Remembering the Coronation of 1953

A summary of the talk given by John Seabrook at the Society's meeting on 24 October 2017.

The Coronation of Queen Elizabeth II took place on 2 June 1953 and, of course, Harpenden joined in the national celebrations. John Seabrook was 21 in 1953 and was at that time a reporter for the Harpenden Free Press. He showed the Society some of his own photographs of the festivities.

The theme of the celebrations was ‘Fairyland’, the idea of organiser Sydney Victor ‘Tommy’ Shadbolt, who had successfully planned the Festival of Britain celebrations in Harpenden two years earlier. Tommy and his workers made ‘toadstool seats’ from concrete and dustbin lids, which were scattered around the town and on the Common.

Harpenden Council, headed by Chairman Bert Clark, offered full support including use of the Common, the Public Halls, street decorations and closure of the High Street on the final day. A week of events was planned for Coronation Week.

Day 1, Monday

Lining up pennies to make a mile. Putting a penny down is Conrad Ascher and watching is Elizabeth Hossack.

Guides and Scouts collected one mile of pennies on the pavement to help towards the cost of the celebrations. An old penny was 1¼ inches in diameter, which producet £211 4s 0d.

A cricket match took place on Harpenden Common between Ferndale Cricket team – founded by the Home Guard – and Harpenden Cricket Club. Due to rain, the result was a draw, though enthusiasts turned up to watch.

The ‘village constable’ escorts teams and spectators onto the common for a Victorian cricket match.

Day 2, Tuesday

Coronation Day and the first time such an event had been televised – but few people owned a television. Courtney Davies, the radio and TV shop in Station Road at that time, provided TV sets in the Public Hall for the public to watch.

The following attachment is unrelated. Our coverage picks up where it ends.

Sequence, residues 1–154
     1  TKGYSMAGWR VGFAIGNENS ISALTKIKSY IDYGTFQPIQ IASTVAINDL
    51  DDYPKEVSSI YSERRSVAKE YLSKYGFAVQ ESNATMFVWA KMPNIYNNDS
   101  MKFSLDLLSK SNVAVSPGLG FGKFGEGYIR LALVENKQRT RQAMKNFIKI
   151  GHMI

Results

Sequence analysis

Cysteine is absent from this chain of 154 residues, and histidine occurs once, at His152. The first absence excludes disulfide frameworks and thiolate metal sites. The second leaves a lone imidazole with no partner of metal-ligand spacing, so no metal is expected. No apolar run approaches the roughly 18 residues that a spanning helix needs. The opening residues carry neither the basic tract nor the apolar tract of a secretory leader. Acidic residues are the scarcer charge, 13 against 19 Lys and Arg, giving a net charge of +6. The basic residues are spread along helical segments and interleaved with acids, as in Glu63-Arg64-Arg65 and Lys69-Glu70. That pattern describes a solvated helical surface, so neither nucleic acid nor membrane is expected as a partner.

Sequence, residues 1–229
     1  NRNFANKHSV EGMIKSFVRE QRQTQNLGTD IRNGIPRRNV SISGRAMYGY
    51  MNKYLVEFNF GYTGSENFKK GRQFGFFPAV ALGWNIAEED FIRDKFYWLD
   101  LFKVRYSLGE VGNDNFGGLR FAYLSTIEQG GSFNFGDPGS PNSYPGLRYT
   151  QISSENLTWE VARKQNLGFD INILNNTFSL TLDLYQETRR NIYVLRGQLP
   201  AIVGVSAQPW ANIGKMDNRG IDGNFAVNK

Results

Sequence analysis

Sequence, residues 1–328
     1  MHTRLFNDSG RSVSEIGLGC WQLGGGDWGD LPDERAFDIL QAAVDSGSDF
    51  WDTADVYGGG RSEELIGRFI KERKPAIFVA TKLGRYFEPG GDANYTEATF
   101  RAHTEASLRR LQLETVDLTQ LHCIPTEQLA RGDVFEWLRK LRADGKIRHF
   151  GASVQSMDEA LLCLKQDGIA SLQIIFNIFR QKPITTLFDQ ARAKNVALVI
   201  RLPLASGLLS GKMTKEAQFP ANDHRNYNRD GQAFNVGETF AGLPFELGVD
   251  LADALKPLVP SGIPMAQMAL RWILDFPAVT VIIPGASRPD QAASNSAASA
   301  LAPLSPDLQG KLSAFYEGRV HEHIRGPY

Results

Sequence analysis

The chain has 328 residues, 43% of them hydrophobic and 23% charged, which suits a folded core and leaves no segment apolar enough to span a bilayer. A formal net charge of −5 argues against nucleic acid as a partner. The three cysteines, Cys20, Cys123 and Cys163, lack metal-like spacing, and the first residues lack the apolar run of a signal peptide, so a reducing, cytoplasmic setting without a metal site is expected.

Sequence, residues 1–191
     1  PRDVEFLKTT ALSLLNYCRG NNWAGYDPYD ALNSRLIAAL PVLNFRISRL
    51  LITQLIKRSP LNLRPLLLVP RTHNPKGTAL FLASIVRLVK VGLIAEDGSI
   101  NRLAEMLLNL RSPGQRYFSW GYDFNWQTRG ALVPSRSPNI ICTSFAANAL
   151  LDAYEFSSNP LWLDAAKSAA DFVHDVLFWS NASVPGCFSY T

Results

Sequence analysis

Day 3 and Day 4

Outdoor events were brought inside, due to inclement weather.

Day 5, Friday

A Ball was arranged in Harpenden Public Hall, with music played by the Band of the Life Guards. Jill Gott as ‘Fairy Queen’, accompanied by her attendants, was escorted to the Ball by Councillor Maurice Drake and a guard of honour of schoolboys dressed as toy soldiers. A Ball was held the same night at Batford JMI school.

Councillor Maurice Drake escorts the Fairy Queen to the Coronation Ball in the Public Hall, through a guard of honour of ‘toy soldiers’ from Hardenwick School

Day 6, Saturday

In front of the George – George: Shows the Band of the Life Guards playing outside the George Hotel. In the foreground Sydney (Tommy) Shadbolt, the Organiser with the Fairy Queen, Jill Gott, and her attendants Enid Riches and Yvonne Major.

Harpenden Carnival. The sun shone. In the morning, the Fairy Queen and her attendants led the procession of floats along High Street and round Harpenden, accompanied by the Band of Life Guards, Harpenden Jazz Band, the Rainbow Entertainers, and many carriages. John Seabrook’s pictures showed participants which some in the audience still remembered. In the afternoon, High Street was closed for ‘Games’. The Band of the Life Guards marched onto the Common and was met by the Band of the RAF. There they swapped places and the RAF Band took over. Brocks Fireworks provided a pyrotechnic finale in the evening (Mr. Brock lived in Harpenden then).

The whole Coronation Celebration had a happy, villagey outdoor atmosphere. Those were the days!


Films of Coronation Revels in Redbourn and Harpenden

Redbourn Museum holds silent B&W films of local events made by John Heather. He lived in Harpenden, then later in Lamb Lane, Redbourn. He used to put on irregular film shows in Southdown and Redbourn to an audience mostly of children.

John and Pauline Ridgewell showed three of his short films, made between 1947 and 1953, to Harpenden Local History Society on 24th October 2017.

Film 1: John Heather erecting his ‘cinema’ with the help of boys and no Health and Safety Rules.

Film 2: Harpenden Coronation Carnival, showing the parade round the town with bands and floats. Then the Games: pram racing, barrel rolling (interspersed with film rolled backwards to amuse the youngsters) sack races etc.

Film 3: Revels on Redbourn Common and Fireworks to celebrate the Coronation.
Over the years, Redbourn village people have helped to identify people in the films, chiefly Peter Box (born, lived and worked in Redbourn) and Jeff Webb (milkman who knew most people).

The films have been digitised and visitors to Redbourn Museum may see them on a television screen when the Museum is open: Saturdays and Sundays 2-5pm, February to November.

For more details go to:

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